Posted On December 26, 2019
If you’ve shopped for a home recently or currently work in real estate, you know fewer and fewer Americans are moving, for a number of reasons. In 1990, approximately 7.7% of homeowners moved over the course of the year, by 2016 that figure declined to just 4.2%. In 2017, Zillow reported 86% of all American homeowners who have owned their home for one year or more were not interested in moving in the next three years.
According to Zillow, the top reasons Americans aren’t moving are:
Will homes become the new family heirloom? Approximately 14 million homeowners think so. What do you do if you inherit a house? You have three main options, you can move into the home and live there, you can turn it into a rental and earn income, or you can sell it for a profit. Your choice may depend on the mortgage status of the property and the number of stakeholders.
What you do with the home may depend on the mortgage status, especially if you currently have a mortgage of your own?
If you plan to live in the home yourself or keep it as an investment property, you will not be immediately liable for taxes. You’ll have to pay property taxes or other state and local taxes if you occupy or rent the property. If you choose to sell the property, you will have to pay capital gains taxes. However, the home will be taxed on any gains between the time you inherit the home and the time you sell it. So, don’t worry if your grandmother purchased her home for only $25,000, you won’t be taxed on decades of appreciation.
You may inherit a home with multiple stakeholders, like your siblings or cousins inheriting a home from parents or grandparents. When multiple stakeholders are involved, you’ll have to agree on how to split the property.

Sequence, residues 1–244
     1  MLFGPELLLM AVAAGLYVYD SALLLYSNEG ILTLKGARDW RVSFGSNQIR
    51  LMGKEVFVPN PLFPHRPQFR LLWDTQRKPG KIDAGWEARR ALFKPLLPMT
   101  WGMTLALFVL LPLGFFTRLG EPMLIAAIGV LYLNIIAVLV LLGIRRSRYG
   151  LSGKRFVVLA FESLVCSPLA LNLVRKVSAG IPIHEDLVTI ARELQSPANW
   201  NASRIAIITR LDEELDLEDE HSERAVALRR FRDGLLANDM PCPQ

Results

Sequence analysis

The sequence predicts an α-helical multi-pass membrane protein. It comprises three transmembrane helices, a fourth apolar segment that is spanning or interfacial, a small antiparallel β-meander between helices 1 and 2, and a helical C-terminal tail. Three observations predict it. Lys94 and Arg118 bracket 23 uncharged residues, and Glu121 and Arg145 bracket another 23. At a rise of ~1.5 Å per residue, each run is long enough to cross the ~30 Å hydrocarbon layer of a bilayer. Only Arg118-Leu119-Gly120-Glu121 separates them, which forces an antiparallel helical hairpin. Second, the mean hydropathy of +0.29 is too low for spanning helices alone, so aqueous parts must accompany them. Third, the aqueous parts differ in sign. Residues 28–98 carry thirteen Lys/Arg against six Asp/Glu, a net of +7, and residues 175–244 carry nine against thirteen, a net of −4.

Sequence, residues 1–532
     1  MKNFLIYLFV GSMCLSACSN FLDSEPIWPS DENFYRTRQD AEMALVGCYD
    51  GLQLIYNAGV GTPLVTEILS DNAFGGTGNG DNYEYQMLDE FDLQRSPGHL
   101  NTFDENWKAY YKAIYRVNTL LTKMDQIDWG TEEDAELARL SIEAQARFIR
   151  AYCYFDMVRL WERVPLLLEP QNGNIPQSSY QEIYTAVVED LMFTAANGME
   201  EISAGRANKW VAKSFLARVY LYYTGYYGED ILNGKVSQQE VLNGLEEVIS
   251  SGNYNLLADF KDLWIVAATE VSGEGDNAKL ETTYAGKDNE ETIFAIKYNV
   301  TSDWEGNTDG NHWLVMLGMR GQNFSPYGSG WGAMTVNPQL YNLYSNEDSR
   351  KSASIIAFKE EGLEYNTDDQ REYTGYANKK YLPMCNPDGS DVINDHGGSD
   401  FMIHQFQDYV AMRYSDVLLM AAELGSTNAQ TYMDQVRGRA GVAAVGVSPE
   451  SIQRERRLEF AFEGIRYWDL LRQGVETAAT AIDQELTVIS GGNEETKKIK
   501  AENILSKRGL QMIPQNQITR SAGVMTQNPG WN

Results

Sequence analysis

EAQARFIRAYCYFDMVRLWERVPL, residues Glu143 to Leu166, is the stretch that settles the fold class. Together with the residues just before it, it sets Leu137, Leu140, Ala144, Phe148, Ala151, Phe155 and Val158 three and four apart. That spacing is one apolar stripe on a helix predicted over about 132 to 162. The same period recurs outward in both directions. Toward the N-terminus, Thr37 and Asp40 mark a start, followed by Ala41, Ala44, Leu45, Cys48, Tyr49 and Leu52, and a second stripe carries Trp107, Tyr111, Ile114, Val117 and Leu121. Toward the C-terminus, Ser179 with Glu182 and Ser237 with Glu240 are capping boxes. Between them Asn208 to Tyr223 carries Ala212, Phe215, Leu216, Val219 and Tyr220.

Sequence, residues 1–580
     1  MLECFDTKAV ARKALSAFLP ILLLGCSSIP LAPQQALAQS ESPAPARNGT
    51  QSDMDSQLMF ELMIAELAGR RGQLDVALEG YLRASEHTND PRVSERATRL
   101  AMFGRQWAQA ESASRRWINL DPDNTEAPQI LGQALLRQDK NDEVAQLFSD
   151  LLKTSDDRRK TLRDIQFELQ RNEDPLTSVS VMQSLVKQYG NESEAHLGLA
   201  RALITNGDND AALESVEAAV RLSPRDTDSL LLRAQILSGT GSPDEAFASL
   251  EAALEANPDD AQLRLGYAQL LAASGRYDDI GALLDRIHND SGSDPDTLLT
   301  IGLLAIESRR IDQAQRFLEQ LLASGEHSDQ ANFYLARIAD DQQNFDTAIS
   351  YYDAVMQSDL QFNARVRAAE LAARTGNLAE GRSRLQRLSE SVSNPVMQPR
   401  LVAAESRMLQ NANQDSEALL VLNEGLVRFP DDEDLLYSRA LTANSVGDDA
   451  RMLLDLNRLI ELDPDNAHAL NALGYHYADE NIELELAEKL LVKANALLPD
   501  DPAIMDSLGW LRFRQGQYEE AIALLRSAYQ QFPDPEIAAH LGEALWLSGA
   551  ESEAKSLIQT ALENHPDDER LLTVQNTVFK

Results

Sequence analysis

When you inherit a home, the financial impact and tax liability depends on how you plan to use the home. If you move in, you’ll be responsible for any existing mortgage, maintenance, or other costs related to ownership. You won’t be liable for taxes right away but will have to pay annual property taxes like with any other home. If you keep the home and rent it, you’ll be responsible for any maintenance and property management costs, and the mortgage if there is one. You’ll also have to pay property taxes, but you can deduct expenses related to maintenance and property upkeep, since it’s a rental property. If you sell the home, you’ll have to cover any needed repairs before the sale and any real estate agent fees. Depending on how much you profit from the sale, you’ll also have to pay capital gains taxes.
If you’ve inherited a property and have any questions about it, please let me know.